After an arrest, the officer might be notified by the Communications Section of his agency that the person has an NCIC “hit.” The Communications Section will then send a teletype to the wanting agency to confirm that a warrant or capias is in existence and to determine if the agency will extradite the wanted person.
If confirmation that a warrant or capias is in existence cannot be made, or confirmation that the agency will not extradite is made, the person will be released.
If the warrant or capias is confirmed, the arrest will be made. If the wanting agency does not respond to the teletype within a reasonable time, the officer may contact the agency by telephone.
If extradition cannot be confirmed and the warrant is valid, the arrest will be made. After the arrest on the out of state felony warrant, a Criminal Report Affidavit (CRA) will be completed listing the offense as “Fugitive” under Florida Statute Section 941.14 for an “arrest without a warrant.”
The probable cause section of the CRA will include the charge along with the fact that the arrest was based upon a warrant or capias, the warrant or capias number, the name of the wanting agency, and the method of identification of the person.
The name of the person who confirmed the warrant, in addition to the telephone number of the agency and the time the confirmation was made, will also be documented in the probable cause section of the affidavit.
All inquiries regarding the arrangement of extradition will be forwarded to the Hillsborough County Sheriff’s Office. When the officer decides to originate a separate offense report, it is entitled “Fugitive.”
Is Hearsay Admissible in Extradition Proceedings?
According to C. Ehrhardt, Florida Evidence, §103.1 (2011 Edition), hearsay is admissible in several different proceedings, either by rule, judicial decision or statute. Examples of such proceedings are discussed by Professor Ehrhardt in his treatise, Ehrhardt’s Florida Evidence, and include extradition proceedings.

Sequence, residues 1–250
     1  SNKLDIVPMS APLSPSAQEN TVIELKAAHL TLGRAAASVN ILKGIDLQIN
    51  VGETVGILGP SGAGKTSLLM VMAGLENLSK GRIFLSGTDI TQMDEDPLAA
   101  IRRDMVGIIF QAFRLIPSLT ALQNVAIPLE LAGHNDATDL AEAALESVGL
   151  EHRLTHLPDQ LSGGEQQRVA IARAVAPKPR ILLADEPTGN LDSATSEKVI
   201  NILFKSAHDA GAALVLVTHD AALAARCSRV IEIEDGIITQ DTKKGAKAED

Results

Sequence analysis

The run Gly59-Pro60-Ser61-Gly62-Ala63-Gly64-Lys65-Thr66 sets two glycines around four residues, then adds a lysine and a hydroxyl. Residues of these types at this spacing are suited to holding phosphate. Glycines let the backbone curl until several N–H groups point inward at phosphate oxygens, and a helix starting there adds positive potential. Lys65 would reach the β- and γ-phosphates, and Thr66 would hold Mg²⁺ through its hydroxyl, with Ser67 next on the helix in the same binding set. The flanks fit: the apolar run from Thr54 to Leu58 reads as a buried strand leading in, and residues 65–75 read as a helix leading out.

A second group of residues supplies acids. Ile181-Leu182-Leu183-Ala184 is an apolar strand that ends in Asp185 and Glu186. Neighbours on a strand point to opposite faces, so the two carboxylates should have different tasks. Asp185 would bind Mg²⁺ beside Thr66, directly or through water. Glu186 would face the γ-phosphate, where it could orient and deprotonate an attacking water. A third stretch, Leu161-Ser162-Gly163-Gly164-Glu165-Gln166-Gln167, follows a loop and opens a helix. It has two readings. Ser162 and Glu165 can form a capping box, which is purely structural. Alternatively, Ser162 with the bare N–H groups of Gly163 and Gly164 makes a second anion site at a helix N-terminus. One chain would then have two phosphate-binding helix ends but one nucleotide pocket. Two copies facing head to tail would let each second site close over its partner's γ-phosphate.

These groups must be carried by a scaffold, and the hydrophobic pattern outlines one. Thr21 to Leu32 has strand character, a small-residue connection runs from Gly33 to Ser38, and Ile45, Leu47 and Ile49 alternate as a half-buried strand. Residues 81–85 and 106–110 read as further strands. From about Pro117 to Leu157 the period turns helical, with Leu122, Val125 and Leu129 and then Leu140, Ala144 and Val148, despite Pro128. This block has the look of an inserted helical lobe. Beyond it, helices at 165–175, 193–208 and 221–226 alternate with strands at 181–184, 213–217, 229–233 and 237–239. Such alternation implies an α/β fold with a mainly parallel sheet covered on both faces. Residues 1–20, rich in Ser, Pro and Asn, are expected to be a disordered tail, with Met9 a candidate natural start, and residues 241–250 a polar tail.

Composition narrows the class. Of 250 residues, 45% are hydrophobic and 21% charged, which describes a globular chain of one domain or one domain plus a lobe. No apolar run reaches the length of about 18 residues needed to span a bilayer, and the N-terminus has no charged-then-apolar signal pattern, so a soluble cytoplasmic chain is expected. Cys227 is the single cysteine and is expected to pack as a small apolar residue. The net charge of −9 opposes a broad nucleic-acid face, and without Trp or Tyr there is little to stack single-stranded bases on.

Extradition Hearings in Federal Court
The issues in an extradition hearing in federal court are limited. E.g., In re Extradition of Cruz Martinez, No. 3:13-MJ-2042, 2013 U.S. Dist. LEXIS 163448, at *2 (M.D. Tenn. Nov. 13, 2013) (Knowles, M.J.).
In Emami v. U.S. Dist. Court for N. Dist. of California, 834 F.2d 1444, 1452 (9th Cir. 1987), the court held:
“[A]n extradition proceeding is not a trial; the relevant determination is confined to whether a prima facie case of guilt exists that is sufficient to make it proper to hold the extraditee for trial . . .
[A] judge should consider that ‘extradition proceedings are not to be converted into a dress rehearsal for a trial’ and ‘whether the resolution of the contested issue would be appreciably advanced by the requested discovery.’” (citations omitted))).”
In Federal Court, only six findings are required in order to certify a fugitive for extradition:
- the judicial officer has jurisdiction to conduct an extradition proceeding;
- the Court has jurisdiction over the fugitive;
- the person before the Court is the fugitive named in the request for extradition;
- there is an extradition treaty in full force and effect;
- the crimes for which surrender is requested are covered by that treaty; and
- there is competent legal evidence to support the finding of probable cause as to each charge for which extradition is sought.
In re Extradition of Figueroa, No. 12–M–269, 2013 WL 3243096, at *2 (N.D. Ill. June 26, 2013).
With respect to the last element, “[t]he function of the committing magistrate is to determine whether there is competent evidence to justify holding the accused to await trial, and not to determine whether the evidence is sufficient to justify a conviction.” Collins v. Loisel, 259 U.S. 309, 316 (1922).
The judicial officer who conducts an extradition hearing thus considers evidence bearing only on whether there is probable cause to believe that the fugitive may be found guilty of the offense for which extradition has been requested.
For example, in In re Extradition of Drayer, 190 F.3d 410, 415 (6th Cir. 1999), the court explained that: “An extradition proceeding is not a forum in which to establish the guilt or innocence of the accused; rather, the sole inquiry is into probable cause.”
The probable cause inquiry presents a low threshold that is not subject to adversarial procedures and does not require the presentation or consideration of exculpatory evidence. As the Supreme Court recently explained: